AP test fees hinder the educations of low-income students

The correlation between wealth and education affects many students’ decisions regarding their future. When applying to schools, tuition is taken into consideration and even Advanced Placement (AP) classes require deliberation over whether paying the exam fee is worth the college credit. AP exams should not cost as much as they do and budget adjustments should be made in our district to lower, or possibly eliminate the fees, for all students enrolled in AP classes.

The right to education should apply to students of all backgrounds. Many students choose to take AP classes to obtain college credit and lessen their college tuition in the future. However, the credit is not guaranteed unless the student registers for the AP exam and receives a score of three out of five or higher, and in many schools, a score of four out of five or higher, which for some, is not a financial risk worth taking.

Imagine your junior year rolls around and you are informed of the upcoming deadline for the sign-up fees of the five AP classes you were encouraged to enroll in last year. In previous years, the cost to sign up for a single AP exam was almost 100 dollars. This year, the price has inflated to 110 dollars per exam.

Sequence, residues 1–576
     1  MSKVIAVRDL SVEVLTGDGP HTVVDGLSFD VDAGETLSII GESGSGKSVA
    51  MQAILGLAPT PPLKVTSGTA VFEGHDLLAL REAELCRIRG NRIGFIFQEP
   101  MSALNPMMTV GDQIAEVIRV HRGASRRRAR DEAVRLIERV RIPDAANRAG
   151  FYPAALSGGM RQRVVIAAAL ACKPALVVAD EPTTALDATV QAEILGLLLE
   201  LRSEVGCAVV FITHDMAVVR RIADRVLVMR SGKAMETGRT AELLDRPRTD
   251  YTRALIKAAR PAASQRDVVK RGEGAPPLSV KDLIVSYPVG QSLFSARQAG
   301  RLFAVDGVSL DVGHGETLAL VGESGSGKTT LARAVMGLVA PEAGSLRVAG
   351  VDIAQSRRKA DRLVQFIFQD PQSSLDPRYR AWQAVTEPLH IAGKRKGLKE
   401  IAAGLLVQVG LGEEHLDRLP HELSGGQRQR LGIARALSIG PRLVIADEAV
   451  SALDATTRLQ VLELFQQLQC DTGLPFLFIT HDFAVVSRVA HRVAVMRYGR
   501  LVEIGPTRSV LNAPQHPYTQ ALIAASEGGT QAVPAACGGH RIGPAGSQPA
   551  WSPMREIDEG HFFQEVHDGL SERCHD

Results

After receiving the email about the registration fees and deadlines and going to pay for the exams, I immediately thought of the hundreds of dollars it will cost students and their families, especially juniors, who are either already enrolled in, or are planning to take AP or IB classes, to register for all of the exams they are eligible to take.

It is no question that the intention behind the fees is to pay the people creating the exams, graders and test administrators, as well as going toward the printing and distribution of tests. However, with the ongoing shift from paper testing to online testing, the costs of printing and distributing tests will be minimized, and with some budget adjustments, I am confident test fees can be lessened if not completely waived.

Some school districts in the United States have already proposed and implemented plans dealing with this topic. In New Jersey, the Southern Regional School District, as well as many others, have completely covered the cost of the exams for all students enrolled in AP classes.

While I am aware of current financial aid available to students of low income and other means to make AP exams available to students of all backgrounds, removing the financial impediment that is the AP test fees will encourage all students to enroll in the free AP classes available at their school without the risk of possibly not receiving the college credit the class offers.